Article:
Understanding Taxes For Australian Small Businesses
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Be sure to consult with an accountant for any tax related information.
What’s one common thing that business owners struggle with? Taxes. Navigating which taxes your business is subject to, what returns to file, and how much you owe is a complex subject, especially with tax laws changing every year.
There are three common taxes that your business may be assessed: goods and services tax, payroll tax, and income tax. Each of these taxes is computed based on certain criteria, making it essential to understand the basics.
Goods And Services Tax
The first tax your business needs to comprehend is the goods and service tax. This is a tax imposed on the sale of goods and services to third parties or customers. The tax rate hovers around 10%. Some items you sell are exempt from GST including:
- Basic food items
- Childcare services
- Religious services
- Water, sewerage, and drainage
- Precious metals
This isn’t an all-encompassing list, making it important to do your due diligence on the Australian Government’s website. There are GST credits that can offset your tax liability on purchases that already include GST. This credit can be claimed when you file your GST return.
The next category of tax that your business may be subject to is payroll tax. This type of tax is enforced whenever you pay employees, including yourself. The current tax rate is 4.75% for employers. This amount is assessed on the gross wage amount and is required to be remitted timely to the Australian Government. However, keep in mind that payroll tax is a qualifying business deduction, helping you reduce your taxable income.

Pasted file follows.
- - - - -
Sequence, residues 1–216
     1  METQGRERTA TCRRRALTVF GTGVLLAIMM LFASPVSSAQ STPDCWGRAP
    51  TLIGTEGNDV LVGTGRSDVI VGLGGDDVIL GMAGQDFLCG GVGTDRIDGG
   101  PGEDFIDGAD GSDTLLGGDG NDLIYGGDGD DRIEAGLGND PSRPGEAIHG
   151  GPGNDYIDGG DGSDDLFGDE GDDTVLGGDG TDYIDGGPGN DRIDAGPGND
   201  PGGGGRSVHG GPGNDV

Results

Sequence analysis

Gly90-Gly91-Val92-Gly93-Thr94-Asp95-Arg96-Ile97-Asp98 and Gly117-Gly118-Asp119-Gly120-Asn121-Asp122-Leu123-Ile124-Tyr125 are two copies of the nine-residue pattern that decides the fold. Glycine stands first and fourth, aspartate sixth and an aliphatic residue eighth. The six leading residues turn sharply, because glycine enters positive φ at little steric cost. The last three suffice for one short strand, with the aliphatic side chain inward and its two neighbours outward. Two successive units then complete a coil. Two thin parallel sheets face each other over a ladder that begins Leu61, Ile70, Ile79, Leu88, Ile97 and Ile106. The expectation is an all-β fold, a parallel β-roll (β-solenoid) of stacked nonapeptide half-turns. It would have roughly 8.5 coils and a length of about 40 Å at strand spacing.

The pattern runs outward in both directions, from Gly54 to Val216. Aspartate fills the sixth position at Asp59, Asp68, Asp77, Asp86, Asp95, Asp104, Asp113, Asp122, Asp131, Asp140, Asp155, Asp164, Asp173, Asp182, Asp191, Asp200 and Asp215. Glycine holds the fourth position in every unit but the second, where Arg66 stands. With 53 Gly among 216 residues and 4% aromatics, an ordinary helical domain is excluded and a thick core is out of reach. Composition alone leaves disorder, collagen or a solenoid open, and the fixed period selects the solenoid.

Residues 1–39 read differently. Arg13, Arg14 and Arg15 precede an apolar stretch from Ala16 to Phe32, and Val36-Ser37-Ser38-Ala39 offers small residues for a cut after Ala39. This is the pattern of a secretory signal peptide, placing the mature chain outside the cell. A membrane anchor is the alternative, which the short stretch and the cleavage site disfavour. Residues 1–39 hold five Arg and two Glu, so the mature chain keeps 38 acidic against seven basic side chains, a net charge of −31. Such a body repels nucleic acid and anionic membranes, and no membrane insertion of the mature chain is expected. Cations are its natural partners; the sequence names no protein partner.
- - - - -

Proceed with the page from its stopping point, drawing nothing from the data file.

The most common tax that small business owners face is income tax. This tax type is assessed on the annual tax return, whether that be an individual or corporate return. You must report and pay tax on all business profits each year. This tax rate can range anywhere from 0% to 37%, depending on the other items on your return.
Small business owners that report all income on the individual return often neglect to properly plan for income tax. As a result, they are hit with a large tax bill that they can’t fully afford to pay. Planning for tax time throughout the year can help mitigate this burden. For example, put away 30% of all profit each month or make quarterly payments to the Australian Government.
Analysing the different taxes you are subject to as a business owner is essential to maintain compliance with the Australian Government. Equally as important is your insurance coverage. Just like it’s important to plan for tax time, it’s critical to plan for any unexpected insurance claims.
Your coverage and provider details should be reviewed on a regular basis, which can be done by using our instant quote generator, where you can get an estimate on market-leading insurance in seconds! Simply enter your occupation and expected revenue to get started! For more information or to get started evaluating your coverage, reach out to a team member today.